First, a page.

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Bounty Sails, Leaving Portside Squall Astern

March 13, 1986|DARYL KELLEY | Times Staff Writer

On a bright morning after a weekend storm, the tall ship Bounty ended its two-year stay in Long Beach, setting sail on an around-the-world voyage and leaving behind memories both bitter and sweet.

Before His Majesty's Armed Vessel Bounty grandly departed its back-channel mooring for Vancouver on Sunday morning, it had starred in the TOPSail '84 tall ship parade and had served as a popular, though unofficial, floating museum during its wait for a new assignment.

But it had also been seized and detained for two months by the Customs Service in 1984, then fined $1,000 for failure to register upon entry. And its sailings for charity had been stopped abruptly by federal authorities last summer because a foreign vessel cannot charge fees without a special permit.

'Mixed Feelings'

"We leave with mixed feelings," said Cmdr. Joseph McGuire, builder and skipper of the vessel, a replica of the warship that Capt. William Bligh and Fletcher Christian sailed to Tahiti in 1787.

"A great many people have said how much they regret our troubles here," said McGuire, 62, a former Royal Navy commander of engineers. "But we tell them, 'If it hadn't happened, we shouldn't have met such nice people as you.' "

"In this time of adversity," said McGuire, "the ordinary people rallied around us and restored our faith in human nature."

On weekends, passers-by were welcomed aboard at no charge to share with McGuire and his three deckhands the meticulous care with which their ship was re-created and is kept.

Evenings of Song

Some evenings, those who had befriended the Bounty--port officials, Navy officers and others enthralled with McGuire's vision of the past--were invited aboard to sing sea chanteys with the crew.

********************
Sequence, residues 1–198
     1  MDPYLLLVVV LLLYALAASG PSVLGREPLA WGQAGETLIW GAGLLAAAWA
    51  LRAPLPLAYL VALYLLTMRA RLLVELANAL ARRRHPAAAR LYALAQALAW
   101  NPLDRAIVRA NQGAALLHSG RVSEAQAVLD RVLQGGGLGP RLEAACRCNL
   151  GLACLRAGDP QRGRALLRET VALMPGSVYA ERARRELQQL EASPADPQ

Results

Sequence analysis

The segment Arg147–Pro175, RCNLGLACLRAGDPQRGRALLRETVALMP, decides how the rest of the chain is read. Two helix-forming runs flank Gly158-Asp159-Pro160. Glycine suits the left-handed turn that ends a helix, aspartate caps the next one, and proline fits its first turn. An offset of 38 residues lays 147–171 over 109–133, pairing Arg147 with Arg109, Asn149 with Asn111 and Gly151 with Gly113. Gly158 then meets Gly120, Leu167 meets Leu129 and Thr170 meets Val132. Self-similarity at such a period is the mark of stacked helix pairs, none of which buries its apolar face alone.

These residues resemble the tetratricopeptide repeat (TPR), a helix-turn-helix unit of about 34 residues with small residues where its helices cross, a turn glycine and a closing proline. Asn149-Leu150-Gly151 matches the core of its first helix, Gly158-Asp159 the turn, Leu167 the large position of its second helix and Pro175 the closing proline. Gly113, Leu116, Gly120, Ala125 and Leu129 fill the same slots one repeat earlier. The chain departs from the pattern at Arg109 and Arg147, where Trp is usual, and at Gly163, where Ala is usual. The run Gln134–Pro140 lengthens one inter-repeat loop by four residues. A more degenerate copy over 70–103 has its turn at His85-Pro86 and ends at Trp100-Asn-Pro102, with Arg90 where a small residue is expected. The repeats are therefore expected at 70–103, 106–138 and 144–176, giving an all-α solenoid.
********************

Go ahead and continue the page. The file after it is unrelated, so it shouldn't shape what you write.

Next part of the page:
Indeed, as McGuire began his early morning walk before the Bounty's departure, he was reminded again of the best of his long stay in Long Beach.

"It was half past 7 and this man stopped me and said, 'What a magnificent ship. I'm a farmer from Montana, and I've never seen anything like it.' That this man, a farmer, would feel that way indicates that deep inside us all is a latent call to the sea."

McGuire, along with a newly recruited 17-person crew, was finally able to answer that call Sunday. And by March 20 the Bounty should be in Vancouver, where it will participate in Expo '86 festivities beginning May 2.

Bound for Tahiti

Two days later, the ship will leave on a journey that will not end until January, 1988.

The first leg includes stops at the Galapagos Islands off South America, at Tahiti for the four-month shooting of a television mini-series about Captain Cook, at Australia for the America's Cup yacht finals, and then across the Indian Ocean through the Suez Canal to London.

From there, the Bounty will lead a fleet of 11 square-rigged sailing ships in a re-enactment of the voyage taken by Australia's first settlers in 1787.

The voyage from Vancouver will mark the beginning of the ship's tenure as an adventure cruise vessel for hire. Passengers are being solicited for each of the 13 segments of the first leg, at prices ranging from $995 to $2,895.

Must Pay Own Way

The Bounty had been subsidized by movie producer Dino De Laurentiis at a cost of $12,000 a month while in Long Beach, McGuire said. But the ship's recent purchase for $1.5 million by a group of Australian businessmen means that it must now pay its own way, he said.

Such bottom-line considerations, however, may lead to safety alterations that violate the ship's original design and bring to and end its service as a training ship for young sailors, McGuire said. On occasion while in Long Beach and for many months after its construction, the Bounty was used to train fledgling seamen, he said.

If those changes occur, McGuire said he will separate from the Bounty for the first time since he was approached by a De Laurentiis representative in 1978 and began planning the vessel's construction for a film of the same name.

"We will have to see how things develop," he said. "We don't want to sacrifice our philosophy of sail training to economic pressures. If I don't like what I see, there's always another unclimbed mountain."

But for now, there is "the feeling of exhilaration that this ship is back in its natural element."

"We have new horizons to look to," McGuire said. "The past is a place you can visit but never linger."

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